The Arm cores can do computations on FFTs, possibly accelerated by one or two (I don't know if both cores have it) NEON parallel processing, you could use FPGA-fabric, or Xilinx' FPGA IP blocks which implement various efficient FFT blocks, also available with the Free Webpack design tools, and of course, the 16 or 64 Parallella cores should be usable to lightly-parallelize FFT computations of various dimensionality, speed and size.

T.V.
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Re: Fast Fourier Transform

Postby Gravis » Sun Apr 27, 2014 5:05 pm

theover wrote:you could use FPGA-fabric, or Xilinx' FPGA IP blocks which implement various efficient FFT blocks, also available with the Free Webpack design tools

unless you really know what you are doing, i highly discourage this option.
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Re: Fast Fourier Transform

Postby ysapir » Sun Apr 27, 2014 7:55 pm

@tnchan - the article shows analysis of performing the 2D FFT under certain assumptions. One of them is that the whole image should be stored locally on the chip, assuming there is no DRAM access. This mode of operation limits the max size of the image to 128x128 (grayscale, complex-float pixels). Another key point in the chosen method was to perform the 1D FFTs on a single core. The formula was developed for this use case, and may need some adaptations for other schemes.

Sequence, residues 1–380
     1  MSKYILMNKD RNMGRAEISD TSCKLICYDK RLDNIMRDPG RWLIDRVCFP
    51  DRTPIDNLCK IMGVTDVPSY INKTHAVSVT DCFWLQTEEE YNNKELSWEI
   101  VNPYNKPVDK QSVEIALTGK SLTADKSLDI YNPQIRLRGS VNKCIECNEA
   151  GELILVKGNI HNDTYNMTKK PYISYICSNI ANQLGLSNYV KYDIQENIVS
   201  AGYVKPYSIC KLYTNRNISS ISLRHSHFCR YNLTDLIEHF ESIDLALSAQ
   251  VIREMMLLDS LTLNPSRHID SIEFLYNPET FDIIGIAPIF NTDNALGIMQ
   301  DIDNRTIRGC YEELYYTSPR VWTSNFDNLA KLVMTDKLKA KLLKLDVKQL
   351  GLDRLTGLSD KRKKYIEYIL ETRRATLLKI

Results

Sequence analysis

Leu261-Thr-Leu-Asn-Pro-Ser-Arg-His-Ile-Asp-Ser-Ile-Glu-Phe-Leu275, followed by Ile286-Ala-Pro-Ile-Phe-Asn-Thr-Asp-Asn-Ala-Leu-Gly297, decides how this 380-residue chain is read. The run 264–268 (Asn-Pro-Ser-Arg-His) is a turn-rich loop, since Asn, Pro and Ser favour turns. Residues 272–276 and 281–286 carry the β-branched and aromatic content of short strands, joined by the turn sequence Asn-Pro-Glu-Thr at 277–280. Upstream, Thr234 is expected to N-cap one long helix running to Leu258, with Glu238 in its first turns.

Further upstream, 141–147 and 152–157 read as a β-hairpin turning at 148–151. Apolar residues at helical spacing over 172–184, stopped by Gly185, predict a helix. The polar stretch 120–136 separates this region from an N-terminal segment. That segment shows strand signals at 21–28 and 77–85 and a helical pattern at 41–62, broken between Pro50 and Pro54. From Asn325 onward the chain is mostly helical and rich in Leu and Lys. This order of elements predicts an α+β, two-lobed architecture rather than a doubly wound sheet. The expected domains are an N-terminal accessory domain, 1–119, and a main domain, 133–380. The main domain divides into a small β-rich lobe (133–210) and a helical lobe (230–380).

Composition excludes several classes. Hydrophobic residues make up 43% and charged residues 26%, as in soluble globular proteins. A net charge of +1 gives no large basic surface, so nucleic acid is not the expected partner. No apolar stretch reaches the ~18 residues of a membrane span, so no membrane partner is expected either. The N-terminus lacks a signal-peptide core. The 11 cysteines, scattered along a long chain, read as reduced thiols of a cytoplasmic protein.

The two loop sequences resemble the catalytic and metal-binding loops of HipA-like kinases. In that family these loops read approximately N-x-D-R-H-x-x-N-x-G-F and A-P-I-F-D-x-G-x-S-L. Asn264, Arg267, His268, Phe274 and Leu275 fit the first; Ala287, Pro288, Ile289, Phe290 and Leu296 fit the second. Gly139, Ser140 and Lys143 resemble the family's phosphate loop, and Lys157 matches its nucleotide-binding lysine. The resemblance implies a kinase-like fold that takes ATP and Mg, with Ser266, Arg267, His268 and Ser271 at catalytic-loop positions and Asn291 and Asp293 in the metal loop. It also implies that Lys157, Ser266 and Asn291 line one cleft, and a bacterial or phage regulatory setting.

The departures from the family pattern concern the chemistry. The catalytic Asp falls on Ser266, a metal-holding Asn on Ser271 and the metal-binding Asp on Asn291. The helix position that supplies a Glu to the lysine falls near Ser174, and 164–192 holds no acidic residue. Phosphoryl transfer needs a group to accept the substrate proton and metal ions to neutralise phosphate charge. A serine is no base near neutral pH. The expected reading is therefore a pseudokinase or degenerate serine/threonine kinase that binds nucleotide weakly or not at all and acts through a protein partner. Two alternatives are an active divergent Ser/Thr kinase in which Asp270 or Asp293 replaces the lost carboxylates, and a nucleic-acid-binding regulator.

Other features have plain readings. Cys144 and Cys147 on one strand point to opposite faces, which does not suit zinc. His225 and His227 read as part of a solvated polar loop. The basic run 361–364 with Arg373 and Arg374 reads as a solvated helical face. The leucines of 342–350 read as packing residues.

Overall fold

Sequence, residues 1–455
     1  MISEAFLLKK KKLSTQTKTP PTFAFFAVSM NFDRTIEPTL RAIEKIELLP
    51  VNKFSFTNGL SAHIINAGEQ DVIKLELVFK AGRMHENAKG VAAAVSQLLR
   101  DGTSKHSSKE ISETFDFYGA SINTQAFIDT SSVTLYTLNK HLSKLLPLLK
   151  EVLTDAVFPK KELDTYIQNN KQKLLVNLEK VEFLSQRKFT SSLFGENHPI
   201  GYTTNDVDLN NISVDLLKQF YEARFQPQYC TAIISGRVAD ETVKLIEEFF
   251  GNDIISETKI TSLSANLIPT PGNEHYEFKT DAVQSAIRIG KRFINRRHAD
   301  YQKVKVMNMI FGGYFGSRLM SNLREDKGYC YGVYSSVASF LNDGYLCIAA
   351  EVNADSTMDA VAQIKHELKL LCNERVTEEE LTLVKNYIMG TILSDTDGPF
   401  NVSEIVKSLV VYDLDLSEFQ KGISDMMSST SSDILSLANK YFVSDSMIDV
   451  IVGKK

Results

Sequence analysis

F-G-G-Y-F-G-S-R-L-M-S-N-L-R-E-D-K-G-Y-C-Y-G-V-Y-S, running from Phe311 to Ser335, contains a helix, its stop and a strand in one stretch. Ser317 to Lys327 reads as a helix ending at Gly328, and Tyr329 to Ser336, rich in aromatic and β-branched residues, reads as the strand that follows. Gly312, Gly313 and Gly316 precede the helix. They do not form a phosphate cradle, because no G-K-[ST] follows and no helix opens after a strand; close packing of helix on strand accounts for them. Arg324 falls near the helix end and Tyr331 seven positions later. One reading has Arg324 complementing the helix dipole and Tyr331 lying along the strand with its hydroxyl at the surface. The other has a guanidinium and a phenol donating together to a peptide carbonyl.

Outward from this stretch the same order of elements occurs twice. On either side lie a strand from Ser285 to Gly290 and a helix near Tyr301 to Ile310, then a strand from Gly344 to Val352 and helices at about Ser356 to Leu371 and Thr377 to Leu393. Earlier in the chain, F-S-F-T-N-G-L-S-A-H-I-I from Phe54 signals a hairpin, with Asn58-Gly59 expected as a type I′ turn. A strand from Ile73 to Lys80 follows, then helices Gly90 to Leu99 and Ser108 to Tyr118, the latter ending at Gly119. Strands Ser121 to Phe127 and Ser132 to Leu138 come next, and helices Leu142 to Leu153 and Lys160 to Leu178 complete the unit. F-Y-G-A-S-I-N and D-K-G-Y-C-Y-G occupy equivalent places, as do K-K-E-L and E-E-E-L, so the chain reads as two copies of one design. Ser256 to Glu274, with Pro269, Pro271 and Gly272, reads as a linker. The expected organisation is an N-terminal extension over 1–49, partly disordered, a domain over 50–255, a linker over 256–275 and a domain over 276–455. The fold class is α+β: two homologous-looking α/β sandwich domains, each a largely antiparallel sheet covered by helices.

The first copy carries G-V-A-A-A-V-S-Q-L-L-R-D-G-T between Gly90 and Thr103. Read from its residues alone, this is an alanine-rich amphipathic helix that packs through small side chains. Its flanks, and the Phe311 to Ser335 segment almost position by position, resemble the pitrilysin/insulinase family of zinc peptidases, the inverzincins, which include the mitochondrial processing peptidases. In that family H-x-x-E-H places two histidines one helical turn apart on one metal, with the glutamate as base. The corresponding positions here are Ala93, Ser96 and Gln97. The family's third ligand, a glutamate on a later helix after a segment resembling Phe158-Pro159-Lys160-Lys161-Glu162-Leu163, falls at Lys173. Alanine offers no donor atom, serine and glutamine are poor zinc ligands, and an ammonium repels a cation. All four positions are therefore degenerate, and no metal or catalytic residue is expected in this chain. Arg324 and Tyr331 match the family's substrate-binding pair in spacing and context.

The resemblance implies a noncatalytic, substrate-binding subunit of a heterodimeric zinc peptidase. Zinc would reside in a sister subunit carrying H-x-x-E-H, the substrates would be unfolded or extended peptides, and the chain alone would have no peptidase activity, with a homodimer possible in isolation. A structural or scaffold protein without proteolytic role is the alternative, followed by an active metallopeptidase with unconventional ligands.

It was quite some time ago, but IIRC, the current Epiphany chip can do up to 1024-point FFT. Thus, if you allow DRAM access, you could do an 1024x1024 image in (1024/16=) 64 batches. Furthermore, one can perform 1D FFT using a 2D FFT engine. This means that, adding a simple intermediate stage, you could use the given method for performing 128x128=16K point FFT, in similar times.
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Re: Fast Fourier Transform

Postby tnchan » Thu May 08, 2014 7:31 am

Thanks a lot to Gravis and Theover for your comments. I did not know FFT was discussed in a separate thread of the forum (as I am quite new to the forum)- my apologies for creating a parallel thread. :oops:

Hi Yaniv, thanks again for the explanation. My intended application of Epiphany 16 cores is for radio astronomy signal channelisation by FFT (from time to spectrum). The data set for FFT computation in my application is 2^18 (262144) single dimension of 8bit + 8bit data. I applied the formula you gave in your white paper on 2D image filtering, and found that the max point size for my application to be 2^16 = 65536 without using external memory and I will need to wait for the release of Epiphany 4096 cores (assuming 8KB per memory bank in each core) to do the job without using external memory. Can you confirm that my calculations are correct? In case I use external memory and accept the memory latency, how do I estimate the time taken? Where can I find a sample FFT for real life testing with Epiphany 16?
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Re: Fast Fourier Transform

Postby tnchan » Mon Jun 02, 2014 6:52 am

Hi Yaniv, whilst waiting for your enlightenment on my questions in the last post above, will you tell me how you ran your FFT2D image cleaning code with Epiphany 16 cores- with APLc, OpenCL, or whatever means? Do we have newer FFT algorithm or codes for E16 by now? Cheers, TN